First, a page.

Leptogium platinum [Endangered/ Red-listed] Not exactly like a bat wing with all those crowded fruiting bodies, this curious lichen does have the same transverse wrinkles that help distinguish it from Peacock vinyl.
Ramalina subleptocarpha [Blue-listed] This lichen is in the Ramalinaceae family. This unique ribbon-like lichen is branched from a narrow holdfast in two’s (dichotomously) and the branches can be up to 15 cm long. It is pale grey to greenish yellow, very flat and thin and never forming bundles of hyphae. It grows only on the bark of trees. It occurs south to California.
Usnea intermedia [Red-listed] Usnea intermedia (western bushy beard) is a grayish-yellowish pale green, irregularly much-branching, stiff shrubby foliose lichen commonly anchored on holdfasts on trees, often on oaks. Abundant apothecia are convex discs with a ring or thallus-like margin having tendril-like fringe radiating from it. It was formerly called U. arizonica in North America.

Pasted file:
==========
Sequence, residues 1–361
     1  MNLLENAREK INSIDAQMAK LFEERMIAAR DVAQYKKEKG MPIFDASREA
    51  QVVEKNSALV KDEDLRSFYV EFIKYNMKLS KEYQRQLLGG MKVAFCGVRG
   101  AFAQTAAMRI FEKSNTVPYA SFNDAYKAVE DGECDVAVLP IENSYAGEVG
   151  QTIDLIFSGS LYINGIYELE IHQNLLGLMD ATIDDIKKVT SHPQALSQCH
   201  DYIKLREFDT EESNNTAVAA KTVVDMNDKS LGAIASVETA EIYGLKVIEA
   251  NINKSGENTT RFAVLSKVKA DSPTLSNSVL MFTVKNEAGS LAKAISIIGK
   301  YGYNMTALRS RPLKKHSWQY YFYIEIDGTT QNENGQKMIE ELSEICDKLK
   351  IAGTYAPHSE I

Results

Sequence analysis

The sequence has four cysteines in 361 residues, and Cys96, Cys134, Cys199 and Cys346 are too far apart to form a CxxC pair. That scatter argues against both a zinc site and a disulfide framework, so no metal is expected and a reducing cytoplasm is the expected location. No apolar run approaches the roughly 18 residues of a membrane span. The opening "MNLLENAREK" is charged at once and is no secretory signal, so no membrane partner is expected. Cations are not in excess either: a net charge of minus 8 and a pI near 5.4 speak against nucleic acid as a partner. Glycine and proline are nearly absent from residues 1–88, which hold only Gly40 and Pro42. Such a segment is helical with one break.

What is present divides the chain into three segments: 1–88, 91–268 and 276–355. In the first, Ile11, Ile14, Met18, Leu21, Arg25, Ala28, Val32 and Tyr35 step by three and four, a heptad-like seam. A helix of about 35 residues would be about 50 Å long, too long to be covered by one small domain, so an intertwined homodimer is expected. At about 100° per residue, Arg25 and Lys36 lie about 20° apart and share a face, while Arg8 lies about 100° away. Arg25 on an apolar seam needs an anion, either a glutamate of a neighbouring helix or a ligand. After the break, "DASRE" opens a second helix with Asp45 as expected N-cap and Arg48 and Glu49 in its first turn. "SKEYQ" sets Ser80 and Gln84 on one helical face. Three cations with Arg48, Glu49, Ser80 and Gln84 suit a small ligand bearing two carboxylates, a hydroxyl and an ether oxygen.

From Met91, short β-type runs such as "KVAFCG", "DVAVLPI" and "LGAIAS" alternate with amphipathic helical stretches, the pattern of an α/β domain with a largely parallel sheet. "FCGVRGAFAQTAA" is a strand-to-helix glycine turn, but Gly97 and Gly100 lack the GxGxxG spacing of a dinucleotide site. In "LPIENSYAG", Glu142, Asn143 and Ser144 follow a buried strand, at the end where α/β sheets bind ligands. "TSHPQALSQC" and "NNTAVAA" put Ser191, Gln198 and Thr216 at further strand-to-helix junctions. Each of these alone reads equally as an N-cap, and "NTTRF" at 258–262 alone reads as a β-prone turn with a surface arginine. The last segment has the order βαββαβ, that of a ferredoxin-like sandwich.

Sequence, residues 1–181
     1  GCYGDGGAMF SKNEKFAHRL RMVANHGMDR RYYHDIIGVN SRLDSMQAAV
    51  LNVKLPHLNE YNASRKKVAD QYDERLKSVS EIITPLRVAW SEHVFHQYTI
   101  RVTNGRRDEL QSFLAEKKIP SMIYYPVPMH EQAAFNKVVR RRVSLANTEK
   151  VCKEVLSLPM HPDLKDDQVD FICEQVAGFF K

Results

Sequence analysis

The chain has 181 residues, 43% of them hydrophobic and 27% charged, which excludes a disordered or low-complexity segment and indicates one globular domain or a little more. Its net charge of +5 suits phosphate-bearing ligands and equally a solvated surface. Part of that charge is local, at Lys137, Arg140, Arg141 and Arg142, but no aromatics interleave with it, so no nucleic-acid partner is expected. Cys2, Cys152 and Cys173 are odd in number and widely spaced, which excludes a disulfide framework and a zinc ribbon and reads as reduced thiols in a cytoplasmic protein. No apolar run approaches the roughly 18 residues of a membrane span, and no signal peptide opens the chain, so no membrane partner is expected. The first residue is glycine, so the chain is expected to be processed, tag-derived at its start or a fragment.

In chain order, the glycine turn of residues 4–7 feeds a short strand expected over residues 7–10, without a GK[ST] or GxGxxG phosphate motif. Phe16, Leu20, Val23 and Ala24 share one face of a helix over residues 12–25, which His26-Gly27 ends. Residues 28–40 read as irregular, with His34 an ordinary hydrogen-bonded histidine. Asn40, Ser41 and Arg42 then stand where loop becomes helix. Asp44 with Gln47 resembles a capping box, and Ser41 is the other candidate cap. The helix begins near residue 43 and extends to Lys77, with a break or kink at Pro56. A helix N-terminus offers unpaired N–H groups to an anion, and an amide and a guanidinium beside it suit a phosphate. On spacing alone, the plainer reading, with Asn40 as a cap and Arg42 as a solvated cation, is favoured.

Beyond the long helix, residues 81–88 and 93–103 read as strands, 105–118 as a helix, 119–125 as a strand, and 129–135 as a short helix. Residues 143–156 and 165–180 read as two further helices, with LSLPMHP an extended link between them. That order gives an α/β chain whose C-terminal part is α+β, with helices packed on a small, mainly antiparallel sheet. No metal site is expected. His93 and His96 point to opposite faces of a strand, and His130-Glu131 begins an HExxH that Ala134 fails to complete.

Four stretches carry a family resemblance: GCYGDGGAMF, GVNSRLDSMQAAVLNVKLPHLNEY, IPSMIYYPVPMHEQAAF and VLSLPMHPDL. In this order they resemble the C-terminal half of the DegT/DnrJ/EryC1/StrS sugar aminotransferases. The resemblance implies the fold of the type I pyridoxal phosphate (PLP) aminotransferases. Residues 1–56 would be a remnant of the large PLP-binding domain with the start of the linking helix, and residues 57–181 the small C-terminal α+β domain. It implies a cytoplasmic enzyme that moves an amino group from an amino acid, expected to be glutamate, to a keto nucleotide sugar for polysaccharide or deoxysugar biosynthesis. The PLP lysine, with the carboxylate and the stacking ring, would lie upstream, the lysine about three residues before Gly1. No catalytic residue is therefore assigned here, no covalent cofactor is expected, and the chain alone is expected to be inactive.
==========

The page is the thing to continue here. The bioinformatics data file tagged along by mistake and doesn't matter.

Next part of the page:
Lempholemma polyanthes [Blue-listed] This lichen has a small to spreading thallus, often over 2 cm in size, crustose, thin and membrane-like, sometimes ± lobate; upper surface: blackish or dark olive green, smooth or rough and appearing coarsely granulose...
Dermatocarpon leptophyllodes [Blue-listed] A foliose or leaf lichen in the Parmeliaceae family that is found only on coastal rocks. It is a pale greenish colour with tiny leaf-like lobes that are no more than 0.4mm wide. It has a lower surface that can be somewhat shiny and can look leathery with a dusting of black spots. It occurs in Western North America, Northern Europe, Asia and Southern Africa.
Collema auriforme [Red-listed] Curious with its habit of growing on our Garry oaks, this species more commonly occurs on alkaline ground or rock in other jurisdictions. With its prominently thickened margin (like an ear) and profusion of globular propagules, it’s easy to recognize and locally rare. Known on Salt Spring Island only from one location.